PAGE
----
The Genius Of Elden Ring’s Tree Sentinel

One of the first things you see when you're set free in Elden Ring's open world is a big, scary-looking knight clad in a suit of gleaming golden armour. This powerful enemy, the notorious Tree Sentinel, has been mischievously placed on the path leading towards the Church of Elleh, an important early game location that new players are strongly encouraged to visit. On the surface it's just FromSoft being FromSoft. A practical joke at the expense of players who don't look before they leap. But there's a lot more to it than that.

The first Site of Grace you visit when you leave the starting dungeon overlooks the area the Tree Sentinel patrols, which means anyone who stops here—which is basically every new player—will catch a glimpse of it from afar. The conspicuous gold armour and sheer size of this hulking great death-knight makes sure they do. Some players might think, well, how tough can he be? The developer has placed him right next to the first checkpoint. They wouldn't do that if this was an insurmountable challenge… right?

Wrong. I'm sure some patient, pig-headed, or particularly skilled players would be able to defeat the Tree Sentinel before levelling their character up. But for the majority of people, attacking this guy the moment you arrive in Limgrave is a death sentence. He's fast, powerful, and has a long reach thanks to his massive golden halberd. Whether you attack him or not, you quickly realise that the best course of action—at least at this point in the game—is to give him a wide berth. You can easily sneak past him and make it to the church.

The Tree Sentinel is FromSoft firmly establishing that, no, you don't have to attack everything you see in this open world. Sometimes it's better to run or sneak past certain foes until you're strong enough to defeat them later. The placement of this enemy is basically a tutorial in disguise. It's a quietly brilliant piece of game design that, despite seeming like a prank, is actually FromSoft doing you a favour. Similar to the tutorial hole, the developer uses this moment to teach you a lesson, but in a hands-off, unobtrusive way.

The Tree Sentinel also serves a second hidden purpose. After defeating a few bosses and gaining some levels, players will inevitably return to Limgrave and feel the urge to take him on again—and they'll kick his ass. Early in the game, when you're underpowered and inexperienced, he's the stuff of nightmares. But at a certain point he's just another knight on a horse with a shiny weapon to add to your collection. He can still devastate your health bar if you're careless, but most players should be able to defeat him fairly easily.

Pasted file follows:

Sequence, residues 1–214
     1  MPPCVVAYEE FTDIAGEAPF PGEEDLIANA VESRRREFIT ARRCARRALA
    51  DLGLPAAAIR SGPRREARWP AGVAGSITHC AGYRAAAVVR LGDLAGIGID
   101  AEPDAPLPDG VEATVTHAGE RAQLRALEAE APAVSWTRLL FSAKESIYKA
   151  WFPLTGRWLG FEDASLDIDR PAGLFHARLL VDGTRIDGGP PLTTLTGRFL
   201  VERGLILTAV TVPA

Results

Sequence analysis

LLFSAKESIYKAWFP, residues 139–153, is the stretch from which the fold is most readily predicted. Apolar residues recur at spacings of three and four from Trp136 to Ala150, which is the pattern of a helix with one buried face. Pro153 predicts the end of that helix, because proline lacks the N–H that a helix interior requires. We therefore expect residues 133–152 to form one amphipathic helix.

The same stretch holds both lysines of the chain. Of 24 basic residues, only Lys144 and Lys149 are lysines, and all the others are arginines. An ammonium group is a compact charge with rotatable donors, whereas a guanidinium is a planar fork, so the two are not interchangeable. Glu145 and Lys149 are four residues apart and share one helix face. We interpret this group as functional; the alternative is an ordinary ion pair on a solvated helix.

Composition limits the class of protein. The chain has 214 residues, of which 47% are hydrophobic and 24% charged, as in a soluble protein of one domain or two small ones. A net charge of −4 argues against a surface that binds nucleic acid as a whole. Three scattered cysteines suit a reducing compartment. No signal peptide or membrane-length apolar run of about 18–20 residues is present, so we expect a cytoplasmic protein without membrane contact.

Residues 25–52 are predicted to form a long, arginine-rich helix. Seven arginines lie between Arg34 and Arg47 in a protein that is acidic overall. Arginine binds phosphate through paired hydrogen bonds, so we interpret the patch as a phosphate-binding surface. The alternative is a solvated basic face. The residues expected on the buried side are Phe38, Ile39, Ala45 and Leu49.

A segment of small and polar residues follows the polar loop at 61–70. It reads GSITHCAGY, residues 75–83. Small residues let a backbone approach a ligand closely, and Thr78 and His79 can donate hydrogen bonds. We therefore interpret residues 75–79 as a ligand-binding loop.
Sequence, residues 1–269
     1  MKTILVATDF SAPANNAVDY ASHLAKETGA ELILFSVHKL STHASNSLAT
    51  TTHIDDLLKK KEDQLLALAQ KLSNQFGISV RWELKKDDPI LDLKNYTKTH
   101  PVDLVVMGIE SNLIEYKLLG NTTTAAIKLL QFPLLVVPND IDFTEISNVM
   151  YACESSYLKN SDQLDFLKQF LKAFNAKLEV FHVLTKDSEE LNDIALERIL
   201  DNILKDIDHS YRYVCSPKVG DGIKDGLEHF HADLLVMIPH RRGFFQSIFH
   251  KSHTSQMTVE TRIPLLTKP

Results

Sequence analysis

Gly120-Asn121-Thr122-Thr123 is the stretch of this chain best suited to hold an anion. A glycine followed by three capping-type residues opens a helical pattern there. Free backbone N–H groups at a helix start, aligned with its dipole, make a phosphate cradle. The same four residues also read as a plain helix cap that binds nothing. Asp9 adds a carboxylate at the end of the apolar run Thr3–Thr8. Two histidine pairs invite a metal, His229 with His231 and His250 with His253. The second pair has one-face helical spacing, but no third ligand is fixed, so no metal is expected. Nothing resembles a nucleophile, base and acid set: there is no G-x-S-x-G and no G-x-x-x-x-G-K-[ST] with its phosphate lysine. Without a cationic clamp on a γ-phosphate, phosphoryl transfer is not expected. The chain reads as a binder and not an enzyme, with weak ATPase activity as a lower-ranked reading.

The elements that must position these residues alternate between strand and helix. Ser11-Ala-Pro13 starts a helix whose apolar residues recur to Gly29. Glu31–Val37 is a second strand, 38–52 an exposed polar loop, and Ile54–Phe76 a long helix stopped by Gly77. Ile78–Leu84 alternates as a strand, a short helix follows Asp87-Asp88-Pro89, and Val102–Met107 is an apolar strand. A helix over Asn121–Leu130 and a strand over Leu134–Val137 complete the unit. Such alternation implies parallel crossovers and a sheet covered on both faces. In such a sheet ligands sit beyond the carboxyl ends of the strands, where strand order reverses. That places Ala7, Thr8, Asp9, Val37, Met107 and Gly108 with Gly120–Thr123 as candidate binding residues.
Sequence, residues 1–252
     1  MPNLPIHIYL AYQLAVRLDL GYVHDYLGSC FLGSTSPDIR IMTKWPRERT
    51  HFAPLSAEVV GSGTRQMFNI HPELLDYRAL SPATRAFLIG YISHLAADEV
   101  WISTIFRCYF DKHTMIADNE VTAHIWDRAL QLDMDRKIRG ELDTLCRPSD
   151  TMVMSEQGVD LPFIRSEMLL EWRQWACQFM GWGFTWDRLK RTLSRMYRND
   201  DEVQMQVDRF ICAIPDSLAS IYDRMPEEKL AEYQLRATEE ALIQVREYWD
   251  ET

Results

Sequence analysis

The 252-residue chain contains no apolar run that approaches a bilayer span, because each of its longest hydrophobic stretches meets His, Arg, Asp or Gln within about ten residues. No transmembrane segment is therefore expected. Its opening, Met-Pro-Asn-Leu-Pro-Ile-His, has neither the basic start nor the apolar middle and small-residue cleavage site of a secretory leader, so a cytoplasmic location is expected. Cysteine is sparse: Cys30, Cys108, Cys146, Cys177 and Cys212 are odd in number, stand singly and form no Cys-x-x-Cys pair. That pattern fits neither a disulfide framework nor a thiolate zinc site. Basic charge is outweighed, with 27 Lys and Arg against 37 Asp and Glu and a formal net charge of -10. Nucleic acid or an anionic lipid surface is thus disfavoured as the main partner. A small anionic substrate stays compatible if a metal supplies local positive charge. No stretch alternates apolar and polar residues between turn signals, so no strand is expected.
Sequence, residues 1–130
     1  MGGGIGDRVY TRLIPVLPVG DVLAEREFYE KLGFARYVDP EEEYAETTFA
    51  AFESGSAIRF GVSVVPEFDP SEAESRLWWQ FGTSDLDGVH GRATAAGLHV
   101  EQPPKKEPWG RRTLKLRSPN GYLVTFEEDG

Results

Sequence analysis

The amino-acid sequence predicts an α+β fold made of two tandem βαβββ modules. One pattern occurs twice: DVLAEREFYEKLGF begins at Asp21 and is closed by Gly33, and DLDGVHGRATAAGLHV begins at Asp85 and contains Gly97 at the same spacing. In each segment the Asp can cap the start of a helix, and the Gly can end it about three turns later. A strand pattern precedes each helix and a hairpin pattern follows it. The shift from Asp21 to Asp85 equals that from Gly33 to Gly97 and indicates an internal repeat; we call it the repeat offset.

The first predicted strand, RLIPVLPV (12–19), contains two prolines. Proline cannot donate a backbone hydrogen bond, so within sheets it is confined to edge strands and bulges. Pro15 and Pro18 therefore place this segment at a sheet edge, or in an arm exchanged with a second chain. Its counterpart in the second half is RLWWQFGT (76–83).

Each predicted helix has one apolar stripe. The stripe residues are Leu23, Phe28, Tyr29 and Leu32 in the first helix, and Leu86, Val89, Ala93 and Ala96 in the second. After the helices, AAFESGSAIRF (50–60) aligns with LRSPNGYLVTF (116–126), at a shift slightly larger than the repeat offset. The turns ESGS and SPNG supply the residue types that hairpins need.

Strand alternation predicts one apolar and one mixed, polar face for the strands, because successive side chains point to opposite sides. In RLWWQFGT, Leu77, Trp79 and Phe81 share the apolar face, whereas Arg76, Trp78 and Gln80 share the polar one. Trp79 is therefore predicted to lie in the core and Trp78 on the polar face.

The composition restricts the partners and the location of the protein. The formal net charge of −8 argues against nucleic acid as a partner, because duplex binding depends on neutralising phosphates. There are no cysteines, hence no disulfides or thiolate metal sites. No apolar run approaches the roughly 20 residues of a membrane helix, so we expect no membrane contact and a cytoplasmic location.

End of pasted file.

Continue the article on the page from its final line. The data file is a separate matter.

So not only is the Tree Sentinel a tutorial in disguise, he's also secretly a way for players to get a measure of how far they've come. I don't know if FromSoft meant it this way, but returning to Limgrave and killing this guy was when I first realised that, hey, I'm not bad at this game. This is far cry from when I first arrived, when I was convinced I would never get past the first boss and would regret spending $50 on a game I was destined to give up on. Many challenges in Elden Ring seem impossible at first, but they never are.

It's amazing how impactful the placement of a single enemy can be, and how it can echo through an entire playthrough. But this kind of design is something FromSoft is great at. Some games teach you the ropes with long-winded tutorials, pop-ups reminding you of basic mechanics every five seconds, and characters outlining in excruciating detail every single thing you can do. Elden Ring teaches you how its world works through its world. If you get a bloody nose in the process, well, that's all part of the learning process.

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